Corral del Carbón

Granada, Spain

The Corral del Carbón is a 14th-century monument located in the Spanish city of Granada (Andalusia). It is the only Nasrid alhóndiga (an establishment where grain was sold) preserved in its entirety in the Iberian peninsula.

It was built during the Nasrid reign before 1336, and his original name was Al-Funduq al-Gidida or New Alhóndiga. Located south of the Muslim city, next to the silk market or Alcaicería, to the souk of the Medina and to the Main Mosque, served as inn for merchants in transit, warehouse and wholesale market.

The facade, richly decorated with plaster, is dominated by a large tumid arc (two centers and some shored) provided with alfiz. On its horizontal molding there a Kufic epigraphic decoration. A shaft on it, stands a geminare vain. It is topped by a large overhanging eaves supported by wooden corbels in the Nasrid tradition (Golden Room of the Alhambra).

After the hall, covered with a vault of mocárabes that retains some other polychromatic, it enter to the courtyard. This, of quadrangular plant, is functional without decorative excesses. In its center is a stone basin provided with two pipe stands.

The structure of the three floors provided of galleries that open to the courtyard is formed by stone pillars and beams and footings (the latter carved) of wood. Dickies factory is brick. The interior of the halls is very transformed to house shops and offices.

References:

    Comments

    Your name

    Website (optional)



    Details

    Founded: 14th century
    Category:

    More Information

    en.wikipedia.org

    Rating

    4.3/5 (based on Google user reviews)

    User Reviews

    Ishy McLevey (12 months ago)
    Really lovely place to visit, we had a great time
    Jesica Alvarez (15 months ago)
    A small square with a fountain in the middle, nothing fancy and nothing to do, you can't go to the upper floors. The only cool thing about it is that you can find a machine to buy official tickets for the Alhambra that are usually hard to get.
    Brett Hamilton (15 months ago)
    Not much to see, but very interesting to see! Best to visit on a Sunday when it’s free. Very neat history behind the place!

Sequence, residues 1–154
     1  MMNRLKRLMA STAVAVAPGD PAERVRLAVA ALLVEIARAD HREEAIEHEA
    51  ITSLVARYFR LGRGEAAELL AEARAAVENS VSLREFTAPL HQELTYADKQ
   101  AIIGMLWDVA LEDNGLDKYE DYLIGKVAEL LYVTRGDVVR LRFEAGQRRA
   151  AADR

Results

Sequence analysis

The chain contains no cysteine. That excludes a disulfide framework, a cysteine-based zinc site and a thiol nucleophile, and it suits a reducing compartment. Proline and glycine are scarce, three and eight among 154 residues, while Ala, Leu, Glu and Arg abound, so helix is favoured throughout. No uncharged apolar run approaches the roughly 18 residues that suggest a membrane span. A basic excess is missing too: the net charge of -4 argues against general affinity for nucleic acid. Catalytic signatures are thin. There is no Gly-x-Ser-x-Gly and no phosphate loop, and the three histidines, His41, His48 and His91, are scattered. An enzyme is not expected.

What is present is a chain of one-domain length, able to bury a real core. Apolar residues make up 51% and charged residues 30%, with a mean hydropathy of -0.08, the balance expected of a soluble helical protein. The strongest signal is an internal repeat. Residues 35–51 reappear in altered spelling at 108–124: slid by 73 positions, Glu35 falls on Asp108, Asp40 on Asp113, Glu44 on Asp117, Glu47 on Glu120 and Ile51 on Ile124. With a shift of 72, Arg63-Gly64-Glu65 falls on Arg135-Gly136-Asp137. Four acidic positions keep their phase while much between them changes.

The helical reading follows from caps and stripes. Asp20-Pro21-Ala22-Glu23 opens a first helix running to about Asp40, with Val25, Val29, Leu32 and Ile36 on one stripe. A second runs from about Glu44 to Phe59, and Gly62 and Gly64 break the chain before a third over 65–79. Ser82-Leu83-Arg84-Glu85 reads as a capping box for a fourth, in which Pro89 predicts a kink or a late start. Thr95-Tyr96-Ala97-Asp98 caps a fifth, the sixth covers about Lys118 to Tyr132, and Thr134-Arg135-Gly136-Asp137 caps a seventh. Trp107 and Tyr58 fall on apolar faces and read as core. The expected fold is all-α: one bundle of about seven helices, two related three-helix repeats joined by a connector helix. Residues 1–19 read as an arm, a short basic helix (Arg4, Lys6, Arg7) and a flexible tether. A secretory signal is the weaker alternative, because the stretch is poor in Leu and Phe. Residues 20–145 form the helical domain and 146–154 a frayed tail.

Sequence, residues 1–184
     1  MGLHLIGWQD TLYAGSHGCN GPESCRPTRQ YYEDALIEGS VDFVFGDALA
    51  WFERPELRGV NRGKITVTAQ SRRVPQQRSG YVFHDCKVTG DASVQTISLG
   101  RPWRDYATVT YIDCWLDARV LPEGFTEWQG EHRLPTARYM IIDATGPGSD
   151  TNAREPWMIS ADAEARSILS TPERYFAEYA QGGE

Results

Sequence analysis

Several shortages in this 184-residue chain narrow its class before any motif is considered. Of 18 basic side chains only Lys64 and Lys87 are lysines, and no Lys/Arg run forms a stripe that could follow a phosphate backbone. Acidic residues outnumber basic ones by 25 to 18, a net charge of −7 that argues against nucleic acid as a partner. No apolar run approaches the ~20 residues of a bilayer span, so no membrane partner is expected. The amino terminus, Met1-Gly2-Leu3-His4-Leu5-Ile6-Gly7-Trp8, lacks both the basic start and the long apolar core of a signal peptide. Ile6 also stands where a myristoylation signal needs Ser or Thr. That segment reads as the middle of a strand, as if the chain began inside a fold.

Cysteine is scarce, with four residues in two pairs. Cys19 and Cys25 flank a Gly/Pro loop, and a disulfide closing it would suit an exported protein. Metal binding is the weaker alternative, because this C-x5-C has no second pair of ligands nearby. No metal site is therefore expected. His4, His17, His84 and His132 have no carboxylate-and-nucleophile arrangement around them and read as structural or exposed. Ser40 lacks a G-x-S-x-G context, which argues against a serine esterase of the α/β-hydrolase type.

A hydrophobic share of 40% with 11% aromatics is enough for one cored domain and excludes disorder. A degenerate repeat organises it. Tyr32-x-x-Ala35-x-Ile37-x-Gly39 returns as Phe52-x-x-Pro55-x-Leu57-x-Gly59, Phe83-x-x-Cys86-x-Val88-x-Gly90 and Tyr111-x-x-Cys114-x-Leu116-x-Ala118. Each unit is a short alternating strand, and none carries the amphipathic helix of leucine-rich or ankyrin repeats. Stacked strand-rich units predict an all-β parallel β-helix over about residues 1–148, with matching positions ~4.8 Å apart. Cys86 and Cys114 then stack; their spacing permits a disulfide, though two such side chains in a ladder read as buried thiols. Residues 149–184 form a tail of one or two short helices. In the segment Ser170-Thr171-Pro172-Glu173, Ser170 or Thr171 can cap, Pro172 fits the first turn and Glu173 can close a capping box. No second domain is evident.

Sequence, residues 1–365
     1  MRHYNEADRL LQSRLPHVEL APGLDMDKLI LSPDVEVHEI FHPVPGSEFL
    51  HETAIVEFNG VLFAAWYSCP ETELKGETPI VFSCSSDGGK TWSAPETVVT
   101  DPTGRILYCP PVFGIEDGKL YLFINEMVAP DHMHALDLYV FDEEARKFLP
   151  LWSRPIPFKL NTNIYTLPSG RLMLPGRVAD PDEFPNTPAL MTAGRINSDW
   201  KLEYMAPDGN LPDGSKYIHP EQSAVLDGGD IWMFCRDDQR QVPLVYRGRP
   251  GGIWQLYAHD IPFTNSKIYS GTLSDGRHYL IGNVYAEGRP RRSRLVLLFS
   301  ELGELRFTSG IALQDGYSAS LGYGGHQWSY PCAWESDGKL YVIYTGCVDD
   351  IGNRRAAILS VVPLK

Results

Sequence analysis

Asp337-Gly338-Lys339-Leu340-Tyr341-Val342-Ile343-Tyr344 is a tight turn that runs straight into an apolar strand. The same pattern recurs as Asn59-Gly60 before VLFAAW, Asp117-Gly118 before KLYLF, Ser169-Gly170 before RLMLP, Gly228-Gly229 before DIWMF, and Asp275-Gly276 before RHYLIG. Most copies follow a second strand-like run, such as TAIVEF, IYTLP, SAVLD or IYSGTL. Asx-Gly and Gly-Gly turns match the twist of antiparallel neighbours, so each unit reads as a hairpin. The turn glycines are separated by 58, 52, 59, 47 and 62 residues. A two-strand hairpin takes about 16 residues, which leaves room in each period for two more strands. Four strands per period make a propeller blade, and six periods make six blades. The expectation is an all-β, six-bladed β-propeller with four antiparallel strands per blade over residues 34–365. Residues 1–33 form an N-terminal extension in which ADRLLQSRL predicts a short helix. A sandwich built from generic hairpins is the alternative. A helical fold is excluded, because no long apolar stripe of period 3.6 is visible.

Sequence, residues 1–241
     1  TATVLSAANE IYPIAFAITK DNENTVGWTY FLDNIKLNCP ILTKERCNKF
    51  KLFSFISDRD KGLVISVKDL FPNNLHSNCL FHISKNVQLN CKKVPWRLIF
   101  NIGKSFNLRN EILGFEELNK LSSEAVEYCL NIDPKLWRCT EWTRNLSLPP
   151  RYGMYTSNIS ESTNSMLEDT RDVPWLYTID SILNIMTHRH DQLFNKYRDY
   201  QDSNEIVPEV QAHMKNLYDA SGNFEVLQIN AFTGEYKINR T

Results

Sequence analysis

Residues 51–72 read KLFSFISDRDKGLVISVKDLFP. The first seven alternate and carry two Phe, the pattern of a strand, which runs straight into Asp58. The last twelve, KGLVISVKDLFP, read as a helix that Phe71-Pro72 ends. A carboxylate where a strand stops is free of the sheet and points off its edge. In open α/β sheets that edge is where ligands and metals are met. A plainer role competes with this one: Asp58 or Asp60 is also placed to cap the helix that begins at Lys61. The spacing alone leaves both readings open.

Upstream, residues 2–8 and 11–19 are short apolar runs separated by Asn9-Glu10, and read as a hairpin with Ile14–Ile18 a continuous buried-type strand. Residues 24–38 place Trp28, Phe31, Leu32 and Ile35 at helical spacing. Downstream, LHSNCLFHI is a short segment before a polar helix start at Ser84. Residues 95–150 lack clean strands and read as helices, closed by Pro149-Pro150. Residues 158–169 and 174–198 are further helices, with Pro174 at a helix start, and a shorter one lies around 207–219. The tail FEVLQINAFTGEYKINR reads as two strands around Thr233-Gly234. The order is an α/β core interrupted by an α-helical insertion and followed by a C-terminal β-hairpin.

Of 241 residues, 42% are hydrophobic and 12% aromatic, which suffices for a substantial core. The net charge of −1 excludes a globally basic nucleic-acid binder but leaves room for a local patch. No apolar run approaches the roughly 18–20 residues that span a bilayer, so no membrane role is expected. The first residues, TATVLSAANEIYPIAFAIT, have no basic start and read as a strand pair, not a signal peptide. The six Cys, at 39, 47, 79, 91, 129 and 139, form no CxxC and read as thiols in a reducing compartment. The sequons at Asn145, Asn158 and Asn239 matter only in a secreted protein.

Syed Hussain (17 months ago)
    Lovely little museum. Definitely worth a visit. Lots of history!
    Roberto Vizcon (19 months ago)
    Last standing medieval hotel structure where travelers spent the night on their travels along the silk road. Sibarius Restaurant is right down the street from there. Great place for lunch after touring the historic sites.
    Powered by Google

    Featured Historic Landmarks, Sites & Buildings

    Historic Site of the week

    Hluboká Castle

    Hluboká Castle (Schloss Frauenberg) is considered one of the most beautiful castles in the Czech Republic. In the second half of the 13th century, a Gothic castle was built at the site. During its history, the castle was rebuilt several times. It was first expanded during the Renaissance period, then rebuilt into a Baroque castle at the order of Adam Franz von Schwarzenberg in the beginning of the 18th century. It reached its current appearance during the 19th century, when Johann Adolf II von Schwarzenberg ordered the reconstruction of the castle in the romantic style of England's Windsor Castle.

    The Schwarzenbergs lived in Hluboká until the end of 1939, when the last owner (Adolph Schwarzenberg) emigrated overseas to escape from the Nazis. The Schwarzenbergs lost all of their Czech property through a special legislative Act, the Lex Schwarzenberg, in 1947.

    The original royal castle of Přemysl Otakar II from the second half of the 13th century was rebuilt at the end of the 16th century by the Lords of Hradec. It received its present appearance under Count Jan Adam of Schwarzenberg. According to the English Windsor example, architects Franz Beer and F. Deworetzky built a Romantic Neo-Gothic chateau, surrounded by a 1.9 square kilometres English park here in the years 1841 to 1871. In 1940, the castle was seized from the last owner, Adolph Schwarzenberg by the Gestapo and confiscated by the government of Czechoslovakia after the end of World War II. The castle is open to public. There is a winter garden and riding-hall where the Southern Bohemian gallery exhibitions have been housed since 1956.